Can Diabetes Be Prevented?

Can Diabetes Be Prevented?

en espaolEs posible prevenir la diabetes? Diabetes is a disease that affects how the body uses glucose , a sugar that is the body's main source of fuel. Your body needs glucose to keep running. Here's how it should work. Glucose from the food gets into your bloodstream. Your pancreas makes a hormone called insulin . Insulin helps the glucose get into the body's cells. The pancreas is a long, flat gland in your belly that helps your body digest food. It also makes insulin. Insulin is kind of like a key that opens the doors to the cells of the body. It lets the glucose in. Then the glucose can move out of the blood and into the cells. But if someone has diabetes, the body either can't make insulin (this is called type 1 diabetes ) or the insulin doesn't work in the body like it should (this is called type 2 diabetes ). The glucose can't get into the cells normally, so the blood sugar level gets too high. Lots of sugar in the blood makes people sick if they don't get treatment. Type 1 diabetes can't be prevented. Doctors can't even tell who will get it and who won't. In type 1 diabetes, a person's immune system attacks the pancreas and destroys the cells that make insulin. No one knows for sure why this happens, but scientists think it has something to do with genes . Genes are like instructions for how the body should look and work that are passed on by parents to their kids. But just getting the genes for diabetes isn't usually enough. In most cases, something else has to happen like getting a virus infection for a person to get type 1 diabetes. Type 1 diabetes isn't contagious, so you can't catch it from another person or pass it along to your friends. And stuff like eating too much sugar doesn't cause type 1 diabetes. Type 2 diabetes is different. Sometimes, type 2 di Continue reading >>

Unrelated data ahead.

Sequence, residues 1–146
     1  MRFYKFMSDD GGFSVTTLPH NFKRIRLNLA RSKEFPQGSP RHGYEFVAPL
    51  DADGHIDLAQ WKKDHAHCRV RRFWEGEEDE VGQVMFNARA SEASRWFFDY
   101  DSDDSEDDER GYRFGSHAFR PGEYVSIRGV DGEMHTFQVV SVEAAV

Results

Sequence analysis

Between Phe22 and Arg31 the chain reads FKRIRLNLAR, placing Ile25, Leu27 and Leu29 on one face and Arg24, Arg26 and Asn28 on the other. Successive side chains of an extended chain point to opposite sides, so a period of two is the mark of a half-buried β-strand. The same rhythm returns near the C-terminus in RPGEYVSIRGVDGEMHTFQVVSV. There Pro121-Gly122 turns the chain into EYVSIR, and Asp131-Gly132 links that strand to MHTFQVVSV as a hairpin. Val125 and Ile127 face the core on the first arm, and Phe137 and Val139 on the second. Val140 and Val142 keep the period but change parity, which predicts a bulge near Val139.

Diabetes Mellitus

Diabetes Mellitus

"Diabetes" redirects here. For other uses, see Diabetes (disambiguation). Diabetes mellitus (DM), commonly referred to as diabetes, is a group of metabolic disorders in which there are high blood sugar levels over a prolonged period.[7] Symptoms of high blood sugar include frequent urination, increased thirst, and increased hunger.[2] If left untreated, diabetes can cause many complications.[2] Acute complications can include diabetic ketoacidosis, hyperosmolar hyperglycemic state, or death.[3] Serious long-term complications include cardiovascular disease, stroke, chronic kidney disease, foot ulcers, and damage to the eyes.[2] Diabetes is due to either the pancreas not producing enough insulin or the cells of the body not responding properly to the insulin produced.[8] There are three main types of diabetes mellitus:[2] Type 1 DM results from the pancreas's failure to produce enough insulin.[2] This form was previously referred to as "insulin-dependent diabetes mellitus" (IDDM) or "juvenile diabetes".[2] The cause is unknown.[2] Type 2 DM begins with insulin resistance, a condition in which cells fail to respond to insulin properly.[2] As the disease progresses a lack of insulin may also develop.[9] This form was previously referred to as "non insulin-dependent diabetes mellitus" (NIDDM) or "adult-onset diabetes".[2] The most common cause is excessive body weight and insufficient exercise.[2] Gestational diabetes is the third main form, and occurs when pregnant women without a previous history of diabetes develop high blood sugar levels.[2] Prevention and treatment involve maintaining a healthy diet, regular physical exercise, a normal body weight, and avoiding use of tobacco.[2] Control of blood pressure and maintaining proper foot care are important for people with t Continue reading >>